When we first tour a home, we listen closely to the little stories that come along with the tour. We love to find ways to highlight specific places on the property that are special to the client—like a ceremony overlooking the beach where the couple got engaged, or a lounge setup under a tree where the family picnicked every Sunday in the summertime. The entire point of hosting a wedding at home is for the couple to feel a deeper connection to a place that provides meaning for their life together. At the same time, we want to convey that same sentiment to every guest celebrating alongside the couple. Those personal touches leave everyone with a profound and lasting impression.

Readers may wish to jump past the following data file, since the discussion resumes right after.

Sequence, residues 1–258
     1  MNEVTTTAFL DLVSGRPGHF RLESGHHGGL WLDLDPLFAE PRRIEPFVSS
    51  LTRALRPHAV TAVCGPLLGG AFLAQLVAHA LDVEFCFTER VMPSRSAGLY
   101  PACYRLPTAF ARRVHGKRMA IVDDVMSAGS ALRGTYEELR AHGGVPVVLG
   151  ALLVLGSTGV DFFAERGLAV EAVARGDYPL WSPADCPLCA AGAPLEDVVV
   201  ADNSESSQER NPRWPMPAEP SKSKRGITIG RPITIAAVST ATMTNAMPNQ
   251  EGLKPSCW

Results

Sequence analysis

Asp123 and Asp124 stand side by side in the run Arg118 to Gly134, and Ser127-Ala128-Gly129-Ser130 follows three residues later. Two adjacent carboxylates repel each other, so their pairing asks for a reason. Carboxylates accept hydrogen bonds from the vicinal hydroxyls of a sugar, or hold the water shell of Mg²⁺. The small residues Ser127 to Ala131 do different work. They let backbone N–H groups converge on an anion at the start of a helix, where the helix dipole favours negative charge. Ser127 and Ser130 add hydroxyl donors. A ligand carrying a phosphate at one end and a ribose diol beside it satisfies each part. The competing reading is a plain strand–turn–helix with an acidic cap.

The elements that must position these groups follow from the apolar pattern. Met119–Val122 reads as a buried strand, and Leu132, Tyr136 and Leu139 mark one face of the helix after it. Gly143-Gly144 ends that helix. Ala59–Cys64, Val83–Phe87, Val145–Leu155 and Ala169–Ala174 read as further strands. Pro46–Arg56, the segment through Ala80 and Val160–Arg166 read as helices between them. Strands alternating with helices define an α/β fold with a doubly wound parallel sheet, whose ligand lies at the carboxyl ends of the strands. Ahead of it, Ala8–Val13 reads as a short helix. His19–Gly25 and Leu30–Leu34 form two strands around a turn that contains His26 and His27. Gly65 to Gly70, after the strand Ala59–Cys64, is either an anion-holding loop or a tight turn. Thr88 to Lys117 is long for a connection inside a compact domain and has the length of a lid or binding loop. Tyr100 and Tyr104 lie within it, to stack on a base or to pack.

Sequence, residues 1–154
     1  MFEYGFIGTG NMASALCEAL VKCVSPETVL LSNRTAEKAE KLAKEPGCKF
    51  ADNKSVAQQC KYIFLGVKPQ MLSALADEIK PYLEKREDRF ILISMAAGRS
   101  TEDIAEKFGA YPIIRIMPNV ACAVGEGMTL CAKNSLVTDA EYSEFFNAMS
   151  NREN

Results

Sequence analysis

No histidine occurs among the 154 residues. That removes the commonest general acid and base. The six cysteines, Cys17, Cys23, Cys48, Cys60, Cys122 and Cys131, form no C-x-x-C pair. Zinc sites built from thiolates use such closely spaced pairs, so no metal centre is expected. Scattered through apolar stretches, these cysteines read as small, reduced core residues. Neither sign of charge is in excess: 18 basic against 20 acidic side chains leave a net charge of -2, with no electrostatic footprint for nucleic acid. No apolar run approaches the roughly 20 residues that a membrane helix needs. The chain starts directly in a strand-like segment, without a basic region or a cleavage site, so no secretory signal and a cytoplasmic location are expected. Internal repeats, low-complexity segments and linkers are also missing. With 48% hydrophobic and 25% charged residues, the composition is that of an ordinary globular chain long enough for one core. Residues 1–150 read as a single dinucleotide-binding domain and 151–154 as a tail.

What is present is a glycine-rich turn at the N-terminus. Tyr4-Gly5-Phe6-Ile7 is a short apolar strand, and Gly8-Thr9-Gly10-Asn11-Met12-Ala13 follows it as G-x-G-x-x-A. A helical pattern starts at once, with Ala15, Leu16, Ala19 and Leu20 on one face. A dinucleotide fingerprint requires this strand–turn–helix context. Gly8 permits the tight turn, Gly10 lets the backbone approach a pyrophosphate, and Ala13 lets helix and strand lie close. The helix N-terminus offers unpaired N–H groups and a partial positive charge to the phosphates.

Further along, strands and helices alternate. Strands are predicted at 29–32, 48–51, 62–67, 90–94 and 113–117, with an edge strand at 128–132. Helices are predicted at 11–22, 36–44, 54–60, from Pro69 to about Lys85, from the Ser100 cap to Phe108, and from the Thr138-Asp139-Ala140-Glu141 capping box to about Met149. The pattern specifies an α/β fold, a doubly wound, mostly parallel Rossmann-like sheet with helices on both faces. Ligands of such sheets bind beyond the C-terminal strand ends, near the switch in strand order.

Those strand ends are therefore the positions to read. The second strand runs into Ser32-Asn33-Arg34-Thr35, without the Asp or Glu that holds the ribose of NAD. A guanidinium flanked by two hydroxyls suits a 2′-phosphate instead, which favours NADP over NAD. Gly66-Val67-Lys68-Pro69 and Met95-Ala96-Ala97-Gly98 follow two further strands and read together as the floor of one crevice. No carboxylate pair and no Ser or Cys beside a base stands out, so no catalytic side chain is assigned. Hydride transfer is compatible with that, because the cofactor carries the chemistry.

Are the logistics more stressful, or is the wedding planning process the same?
Planning at-home weddings or weddings at other non-traditional venues demands special attention and expertise to execute. Keep in mind that you are building a temporary wedding venue from the ground up. It’s easy to overlook the production and logistics at the beginning of the process, and only focus on what you and your guests will see. The key is to understand what does need to happen behind-the-scenes to ensure a seamless production. We survey every property from the perspective of our vendors: Where will the tent be positioned in relation to the catering team and satellite kitchen? Where will the restrooms be placed for easy access without being obtrusive? Where are the power sources for the band or lighting crew? When we walk on to a property, those are the things we are thinking about, from the very moment we arrive.

The wedding tent in Father of the Bride.

Can you give some examples of your favorite childhood home weddings and why they were so special?